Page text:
Group projects are the bane of my existence. You'd think that after graduating from high school, university, and a masters' program, I wouldn't have to do group projects any more. But you'd be wrong. Because I have two children in high school. Their teachers assign group projects. Ergo, I still have to do group projects. Now I know what you're thinking. Kay! Are you crazy?! Don't do your kids' work for them! Let them live and learn!
That's what I think too. But hear me out. There are extenuating circumstances, I promise.
This past weekend, our youngest had this group project, to create a booth teaching first graders where food comes from. His group was supposed to come over on Saturday. One other kid came. In the absence of the rest of the group, we parents decided to have mercy, and step in to provide assistance at crucial intervals.
One of the ways we provided assistance was to transport the project to school on Monday morning. This involved a refrigerator box, two collapsible saw horses, lumber, a box of dirt with vegetables "growing" in it, and assorted other paraphernalia including a grass skirt, posters, and a McDonald's apron that I bought at a used clothing store in Papua New Guinea five years ago. (I'm going to just leave it there and let your imagination run wild.)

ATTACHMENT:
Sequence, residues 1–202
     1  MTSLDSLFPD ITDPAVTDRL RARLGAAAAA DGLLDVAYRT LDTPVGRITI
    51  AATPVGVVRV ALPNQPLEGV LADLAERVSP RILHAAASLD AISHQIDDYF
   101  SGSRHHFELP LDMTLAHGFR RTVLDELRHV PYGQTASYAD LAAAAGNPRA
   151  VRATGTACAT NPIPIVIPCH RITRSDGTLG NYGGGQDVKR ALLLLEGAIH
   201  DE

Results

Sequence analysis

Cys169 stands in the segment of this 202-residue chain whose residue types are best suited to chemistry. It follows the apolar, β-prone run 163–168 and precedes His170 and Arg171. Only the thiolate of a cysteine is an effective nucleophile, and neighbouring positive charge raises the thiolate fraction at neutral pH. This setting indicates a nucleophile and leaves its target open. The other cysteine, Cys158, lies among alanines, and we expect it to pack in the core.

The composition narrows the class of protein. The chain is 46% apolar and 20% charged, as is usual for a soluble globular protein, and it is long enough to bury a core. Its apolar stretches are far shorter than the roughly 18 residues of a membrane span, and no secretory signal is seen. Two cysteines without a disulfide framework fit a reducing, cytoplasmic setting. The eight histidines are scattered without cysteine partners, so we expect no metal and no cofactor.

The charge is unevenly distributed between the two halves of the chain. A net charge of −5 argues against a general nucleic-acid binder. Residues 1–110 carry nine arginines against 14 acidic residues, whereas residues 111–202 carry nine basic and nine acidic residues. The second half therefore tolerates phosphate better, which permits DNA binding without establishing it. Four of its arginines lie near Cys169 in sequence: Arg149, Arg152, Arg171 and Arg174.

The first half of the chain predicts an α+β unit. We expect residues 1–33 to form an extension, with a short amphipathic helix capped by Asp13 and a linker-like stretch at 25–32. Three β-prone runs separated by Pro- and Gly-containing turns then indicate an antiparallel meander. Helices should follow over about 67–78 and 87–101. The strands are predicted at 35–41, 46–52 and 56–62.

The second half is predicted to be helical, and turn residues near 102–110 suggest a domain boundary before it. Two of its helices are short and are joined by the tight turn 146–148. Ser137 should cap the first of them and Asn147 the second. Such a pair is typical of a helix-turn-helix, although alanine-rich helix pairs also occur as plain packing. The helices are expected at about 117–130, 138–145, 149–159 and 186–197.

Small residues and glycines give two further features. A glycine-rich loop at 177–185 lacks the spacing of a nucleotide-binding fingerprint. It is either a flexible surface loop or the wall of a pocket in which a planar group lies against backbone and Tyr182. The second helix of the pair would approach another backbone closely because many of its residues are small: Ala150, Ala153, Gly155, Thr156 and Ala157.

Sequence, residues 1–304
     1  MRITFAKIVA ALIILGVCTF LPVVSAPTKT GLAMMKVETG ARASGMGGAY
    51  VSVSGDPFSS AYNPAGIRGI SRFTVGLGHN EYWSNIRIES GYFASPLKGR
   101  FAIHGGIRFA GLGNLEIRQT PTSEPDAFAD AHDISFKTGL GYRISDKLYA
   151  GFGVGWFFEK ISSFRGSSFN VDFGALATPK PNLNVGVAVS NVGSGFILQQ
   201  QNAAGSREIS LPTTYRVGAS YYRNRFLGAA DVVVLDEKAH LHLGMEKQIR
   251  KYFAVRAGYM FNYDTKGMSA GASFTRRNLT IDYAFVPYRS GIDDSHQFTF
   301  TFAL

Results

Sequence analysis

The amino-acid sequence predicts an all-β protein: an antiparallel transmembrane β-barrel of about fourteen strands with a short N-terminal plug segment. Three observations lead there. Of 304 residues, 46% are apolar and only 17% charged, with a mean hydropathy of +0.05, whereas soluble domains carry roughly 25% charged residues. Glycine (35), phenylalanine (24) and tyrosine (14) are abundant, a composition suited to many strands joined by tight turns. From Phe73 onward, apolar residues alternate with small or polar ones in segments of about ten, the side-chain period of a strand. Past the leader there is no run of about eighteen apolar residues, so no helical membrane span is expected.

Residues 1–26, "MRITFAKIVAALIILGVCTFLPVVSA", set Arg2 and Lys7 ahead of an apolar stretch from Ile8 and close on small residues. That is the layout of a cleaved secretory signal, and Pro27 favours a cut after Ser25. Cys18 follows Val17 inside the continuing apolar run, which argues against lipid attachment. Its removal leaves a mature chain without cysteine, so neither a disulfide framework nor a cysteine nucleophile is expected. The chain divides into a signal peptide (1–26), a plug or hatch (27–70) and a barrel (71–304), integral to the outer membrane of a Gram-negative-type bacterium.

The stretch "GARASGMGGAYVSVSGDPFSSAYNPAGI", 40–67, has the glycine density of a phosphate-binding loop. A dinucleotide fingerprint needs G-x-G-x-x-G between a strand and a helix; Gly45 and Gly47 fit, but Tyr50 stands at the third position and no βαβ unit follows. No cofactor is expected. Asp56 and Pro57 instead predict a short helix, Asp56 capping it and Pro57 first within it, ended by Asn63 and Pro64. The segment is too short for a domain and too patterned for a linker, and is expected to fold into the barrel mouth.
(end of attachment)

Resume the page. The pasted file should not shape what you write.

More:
But here is the crux of my story. Sunday night, as Andy and I were observing this large pile of objects in our garage, and wondering how we would convey this to the classroom, I said these words: "Well, I could follow you over to the school and help carry it in." And he said: "OK."
And folks, that's how you miscommunicate.
Did you see what happened there? No? Well, here's a little hint. I am an extrovert. This means I speak ideas aloud, verbally processing through many possibilities toward a potential conclusion. Andy is an introvert. This means he is processing internally. When he has concluded, he speaks. See it now? In my mind, I've offered one option among many possibilities. I'm not sure if I'll really have to drive over there, we could talk about it more, consider other options. Andy, on the other hand, hears a good solution and he agrees to it.
So here's how it went down. Monday morning Andy loaded the stuff into his truck, while I pulled on my sweats in preparation for my morning bout with the treadmill. I do not dress up to get on the treadmill. I had forgotten to wash my face the night before and I had mascara under my eyes. My hair was sticking up all over the place in what we fondly call "the pineapple." It was not a pretty sight. And right then, I hear, "Mom, let's go. I'm riding with you."
Seems like no matter how long we've been married, or how well we know each other, these things just happen. This one was minor and silly, but it illustrates how quickly things can go astray when you forget how the other person looks at life.
In the end, marriage is a lifelong group project. One that is the joy of my existence. I think my husband feels that way, too--even on days when he may wonder how to get me to just say what I mean.